Brokeback Mountain (2005): Review

I don't really have any reason for putting off a Brokeback Mountain viewing. I was fairly young when this film first came out and there were a few of my friends that had mistakenly watched the film with their unsuspecting parents and came to school the next day making fun of the films subject matter. Its unfortunate but that's the way kid's are when they don't understand something.

The fact the two main characters are two gay men doesn't really matter because this Ang Lee directed feature is a love story. It would be just as effective with a lesbian relationship and I bet it would even work with two heterosexuals.

Brokeback is a story about two young men Ennis (Heath Ledger) and Jack (Jake Gyllenhaal) who begin get a job supervising a large group of sheep up on the titular mountain. During their time isolated on the mountain the pair bond and eventually have sex after weeks alone. Its the start of a forbidden relationship that would remain hidden for many years.

What really shocked me about this film was the scale. This film is epic. Its spans more than 20 years and it gets to the point where Heath Ledger and Jake Gyllenhaal are playing men who are twice their age but with the effectiveness of mature men. Both men earned Oscar nominations for their roles both of which are well deserved. For some reason Gyllenhaal is forced into the supporting actor category although he basically has as much screen time as Ledger and neither character is really more important than the other.

As the men age their relationship still continues despite getting married to women and having kids. Jack will always come around and take Ennis out on a "fishing trip" out in the wilderness where their love began. Lee's use of the locations makes the film that much more beautiful as well. The mountain itself is such an important part of the film and almost is a character itself. The mountain is a place where the world around them can't find them and their lives outside of the era don't matter.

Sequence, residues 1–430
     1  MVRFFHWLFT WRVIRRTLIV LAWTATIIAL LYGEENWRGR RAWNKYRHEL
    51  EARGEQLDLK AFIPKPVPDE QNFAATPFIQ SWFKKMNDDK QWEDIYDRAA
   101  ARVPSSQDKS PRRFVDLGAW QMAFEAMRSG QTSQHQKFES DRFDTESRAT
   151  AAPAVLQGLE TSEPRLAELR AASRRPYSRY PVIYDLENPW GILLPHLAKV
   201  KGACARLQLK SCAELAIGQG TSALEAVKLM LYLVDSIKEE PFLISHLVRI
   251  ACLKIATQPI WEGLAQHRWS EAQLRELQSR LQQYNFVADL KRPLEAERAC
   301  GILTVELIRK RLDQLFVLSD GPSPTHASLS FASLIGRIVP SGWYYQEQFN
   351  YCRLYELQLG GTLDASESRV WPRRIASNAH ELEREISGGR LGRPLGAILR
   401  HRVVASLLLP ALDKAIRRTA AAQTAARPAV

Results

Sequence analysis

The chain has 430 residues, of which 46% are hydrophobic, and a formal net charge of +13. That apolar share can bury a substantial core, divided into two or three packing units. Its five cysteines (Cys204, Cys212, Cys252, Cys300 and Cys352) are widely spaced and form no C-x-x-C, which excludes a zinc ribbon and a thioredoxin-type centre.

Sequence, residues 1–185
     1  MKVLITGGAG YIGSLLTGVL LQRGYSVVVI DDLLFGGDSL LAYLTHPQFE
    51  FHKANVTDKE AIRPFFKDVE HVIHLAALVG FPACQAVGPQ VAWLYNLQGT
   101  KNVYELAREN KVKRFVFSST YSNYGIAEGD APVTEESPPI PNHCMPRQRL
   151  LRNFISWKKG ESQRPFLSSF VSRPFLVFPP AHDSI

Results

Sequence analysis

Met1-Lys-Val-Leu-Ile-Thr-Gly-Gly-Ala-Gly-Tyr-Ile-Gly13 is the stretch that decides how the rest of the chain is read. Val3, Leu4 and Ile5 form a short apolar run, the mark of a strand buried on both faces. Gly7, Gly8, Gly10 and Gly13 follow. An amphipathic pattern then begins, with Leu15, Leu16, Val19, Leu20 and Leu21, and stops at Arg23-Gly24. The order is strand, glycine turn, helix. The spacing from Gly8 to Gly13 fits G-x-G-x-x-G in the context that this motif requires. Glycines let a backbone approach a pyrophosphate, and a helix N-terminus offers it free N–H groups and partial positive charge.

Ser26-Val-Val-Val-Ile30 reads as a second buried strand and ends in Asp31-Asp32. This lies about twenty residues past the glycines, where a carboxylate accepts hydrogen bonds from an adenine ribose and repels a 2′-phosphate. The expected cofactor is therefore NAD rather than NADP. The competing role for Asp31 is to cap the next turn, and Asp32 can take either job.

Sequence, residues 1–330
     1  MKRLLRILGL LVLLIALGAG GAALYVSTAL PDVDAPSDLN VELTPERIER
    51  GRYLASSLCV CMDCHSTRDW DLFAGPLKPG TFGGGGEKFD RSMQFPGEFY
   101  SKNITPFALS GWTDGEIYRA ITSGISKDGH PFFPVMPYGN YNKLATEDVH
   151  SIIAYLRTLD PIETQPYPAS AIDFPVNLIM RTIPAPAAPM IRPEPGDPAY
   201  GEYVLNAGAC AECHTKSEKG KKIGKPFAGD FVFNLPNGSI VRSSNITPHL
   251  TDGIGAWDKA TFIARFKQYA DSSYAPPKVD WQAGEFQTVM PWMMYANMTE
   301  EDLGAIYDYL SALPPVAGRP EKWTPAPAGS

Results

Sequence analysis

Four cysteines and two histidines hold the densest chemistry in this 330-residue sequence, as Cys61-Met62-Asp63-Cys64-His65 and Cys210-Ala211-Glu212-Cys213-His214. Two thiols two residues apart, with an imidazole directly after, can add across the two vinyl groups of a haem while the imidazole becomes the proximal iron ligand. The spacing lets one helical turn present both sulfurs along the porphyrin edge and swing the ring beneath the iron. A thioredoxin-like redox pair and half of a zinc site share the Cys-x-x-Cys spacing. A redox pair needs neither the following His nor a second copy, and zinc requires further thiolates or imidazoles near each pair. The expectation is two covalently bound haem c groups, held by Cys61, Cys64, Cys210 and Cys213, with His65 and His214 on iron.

Ennis is the more subdued of the pair and he never really feels comfortable with his homosexuality (due to some fear that had been in his mind since childhood) and never allows himself to start a life with Jack. Each man's wife is also forced to suffer due to their husband's absences. Michelle Williams is especially great as Ennis' young wife who begins to see the connection between Jack and her husband. Neither woman is really able to have the fully attentive husband that they probably deserve.

Ang Lee is able to convert this story into a topic that is really quite universal. Its really about love and wanting something you can never truly get. The audience doesn't really get the ending that it wants for the characters. The ending definitely doesn't pull any punches and leaves a lot up for interpretation, but its a film that really makes you think. I was a little shocked by how sharply the ending hits but it some ways it only makes the film more real. It doesn't matter if you're gay or not. Brokeback Mountain is a film that should be seen.

Brokeback Mountain gets 85 out of 100


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